Good title for a talk? Psychiatry tends to veer toward wonky titles, such as: "Developing a Positive Psychiatry of the Person."
Okay, let's go with that. Last week in San Francisco, at the American Psychiatric Association's annual meeting, I heard Robert Cloninger MD of Washington University (St Louis) deliver the type of lecture that justifies his reputation as a pioneer in that strange field that we simultaneously know everything and nothing about: personality and well-being.
"Well-being is the universal wish of human beings," Dr Cloninger opened. "We all want happiness, love, and a meaning of life that is greater than our individual self."
Obviously, this is something that you can't get in a pill, and therein lies the problem with our treatments. Response to acute (initial phase) treatment, whether with meds or talking therapy, is only moderate, and drop-outs, relapses, and recurrences are high.
But if clinicians are smart, Dr Cloninger went on to say, they will attend to what people want in life and build therapeutic alliances around that. On the other hand: "Getting people to do things they don't want to do doesn't work well."
There are four converging ways to measure well-being, Dr Cloninger told his audience:
- Emotions: Namely positive ones, ie being happy.
- Personality: It turns out that positive emotions relates to maturity in character. People who have a well-integrated personality also turn out to be happy.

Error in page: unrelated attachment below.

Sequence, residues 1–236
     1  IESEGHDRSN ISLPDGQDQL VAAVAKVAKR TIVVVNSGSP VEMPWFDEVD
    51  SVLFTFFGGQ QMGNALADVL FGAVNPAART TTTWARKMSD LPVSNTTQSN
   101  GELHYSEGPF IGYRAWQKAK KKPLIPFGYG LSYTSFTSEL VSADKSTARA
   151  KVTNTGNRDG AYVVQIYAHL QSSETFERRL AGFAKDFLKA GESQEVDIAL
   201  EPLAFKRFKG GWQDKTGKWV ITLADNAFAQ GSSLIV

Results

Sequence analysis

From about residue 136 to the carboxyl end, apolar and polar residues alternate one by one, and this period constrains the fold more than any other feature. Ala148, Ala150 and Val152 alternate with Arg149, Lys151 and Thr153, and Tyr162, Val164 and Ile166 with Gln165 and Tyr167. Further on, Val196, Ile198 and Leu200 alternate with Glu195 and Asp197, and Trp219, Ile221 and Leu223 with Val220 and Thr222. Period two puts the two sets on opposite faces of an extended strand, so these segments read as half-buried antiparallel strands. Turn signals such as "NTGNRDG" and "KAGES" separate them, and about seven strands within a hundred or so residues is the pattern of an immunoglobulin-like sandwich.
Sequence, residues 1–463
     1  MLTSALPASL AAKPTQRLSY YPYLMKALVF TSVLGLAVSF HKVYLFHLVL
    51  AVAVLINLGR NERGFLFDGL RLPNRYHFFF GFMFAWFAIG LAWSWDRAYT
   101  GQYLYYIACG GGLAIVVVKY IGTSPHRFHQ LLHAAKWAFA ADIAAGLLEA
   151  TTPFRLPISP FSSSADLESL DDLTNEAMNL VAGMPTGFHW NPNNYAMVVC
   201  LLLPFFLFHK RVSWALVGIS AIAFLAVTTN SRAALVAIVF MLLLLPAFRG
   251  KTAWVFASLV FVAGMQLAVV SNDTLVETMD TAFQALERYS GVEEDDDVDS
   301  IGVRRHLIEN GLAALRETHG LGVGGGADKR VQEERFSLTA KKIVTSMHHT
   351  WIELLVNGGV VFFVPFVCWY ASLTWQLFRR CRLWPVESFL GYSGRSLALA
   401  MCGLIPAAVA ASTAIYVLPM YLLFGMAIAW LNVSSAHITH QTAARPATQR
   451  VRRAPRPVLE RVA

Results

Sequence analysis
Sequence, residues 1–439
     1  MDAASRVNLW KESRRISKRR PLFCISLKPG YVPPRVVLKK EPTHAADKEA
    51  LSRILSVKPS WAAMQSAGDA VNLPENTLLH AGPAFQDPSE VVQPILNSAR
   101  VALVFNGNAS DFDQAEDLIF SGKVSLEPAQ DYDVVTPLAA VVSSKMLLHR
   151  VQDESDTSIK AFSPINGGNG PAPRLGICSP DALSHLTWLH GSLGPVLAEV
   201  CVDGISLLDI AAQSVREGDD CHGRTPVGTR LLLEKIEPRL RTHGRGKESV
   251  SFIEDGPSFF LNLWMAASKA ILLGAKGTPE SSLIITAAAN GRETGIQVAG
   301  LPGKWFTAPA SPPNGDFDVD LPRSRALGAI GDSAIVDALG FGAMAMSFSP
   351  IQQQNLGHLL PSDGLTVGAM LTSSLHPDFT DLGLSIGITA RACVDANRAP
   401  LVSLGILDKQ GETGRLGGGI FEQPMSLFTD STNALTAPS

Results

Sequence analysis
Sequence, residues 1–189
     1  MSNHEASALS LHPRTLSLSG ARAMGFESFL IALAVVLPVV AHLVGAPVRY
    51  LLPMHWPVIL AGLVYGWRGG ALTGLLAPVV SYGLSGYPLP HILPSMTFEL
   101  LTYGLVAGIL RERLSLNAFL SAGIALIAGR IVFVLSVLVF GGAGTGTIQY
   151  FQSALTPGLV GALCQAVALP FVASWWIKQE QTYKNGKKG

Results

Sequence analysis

- Life satisfaction: People who are content with their lives don't have a lot of complaints.
- Virtues: People who have them (courage, justice, moderation, honor, wisdom, patience, love, hope, and faith) also tend to be happy, mature, and satisfied with life. Reframing a goal to work on developing courage, for instance, may produce a better outcome than figuring out what to do with an anxiety disorder.
Well-being has little to do with income. Rather, there is an association with heritable personality traits, plus with meaningful work, mutually caring friendships, and spiritual values. Dr Cloninger cited Ed Diener's pioneering work that showed while personal income in the US has dramatically increased from the 1930s to the present, life satisfaction has remained static.
Over this time period, we have seen the introduction of all our psych meds and all our manualized therapies. We know these things are helpful, Dr Cloninger said, but "why isn't it making a dent" in these statistics?
So what's the key to well-being? It all starts with self-awareness, Dr Cloninger advised.
Check out the name of this blog. Much more on Dr Cloninger to come ...